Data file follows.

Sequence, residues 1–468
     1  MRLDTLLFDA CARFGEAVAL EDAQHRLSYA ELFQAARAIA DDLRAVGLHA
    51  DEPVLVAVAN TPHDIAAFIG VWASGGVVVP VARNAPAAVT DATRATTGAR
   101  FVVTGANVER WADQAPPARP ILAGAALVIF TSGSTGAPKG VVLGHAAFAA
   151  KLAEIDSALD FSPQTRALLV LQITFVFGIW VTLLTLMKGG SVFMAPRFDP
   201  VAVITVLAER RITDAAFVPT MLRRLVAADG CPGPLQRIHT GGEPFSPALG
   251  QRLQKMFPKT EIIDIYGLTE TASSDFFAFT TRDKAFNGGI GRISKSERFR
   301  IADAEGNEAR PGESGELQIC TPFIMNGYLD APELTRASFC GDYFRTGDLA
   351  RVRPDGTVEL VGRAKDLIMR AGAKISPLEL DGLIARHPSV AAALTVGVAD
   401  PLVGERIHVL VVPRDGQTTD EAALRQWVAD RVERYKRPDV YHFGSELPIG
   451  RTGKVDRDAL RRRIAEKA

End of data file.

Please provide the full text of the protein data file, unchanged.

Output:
Sequence, residues 1–468
     1  MRLDTLLFDA CARFGEAVAL EDAQHRLSYA ELFQAARAIA DDLRAVGLHA
    51  DEPVLVAVAN TPHDIAAFIG VWASGGVVVP VARNAPAAVT DATRATTGAR
   101  FVVTGANVER WADQAPPARP ILAGAALVIF TSGSTGAPKG VVLGHAAFAA
   151  KLAEIDSALD FSPQTRALLV LQITFVFGIW VTLLTLMKGG SVFMAPRFDP
   201  VAVITVLAER RITDAAFVPT MLRRLVAADG CPGPLQRIHT GGEPFSPALG
   251  QRLQKMFPKT EIIDIYGLTE TASSDFFAFT TRDKAFNGGI GRISKSERFR
   301  IADAEGNEAR PGESGELQIC TPFIMNGYLD APELTRASFC GDYFRTGDLA
   351  RVRPDGTVEL VGRAKDLIMR AGAKISPLEL DGLIARHPSV AAALTVGVAD
   401  PLVGERIHVL VVPRDGQTTD EAALRQWVAD RVERYKRPDV YHFGSELPIG
   451  RTGKVDRDAL RRRIAEKA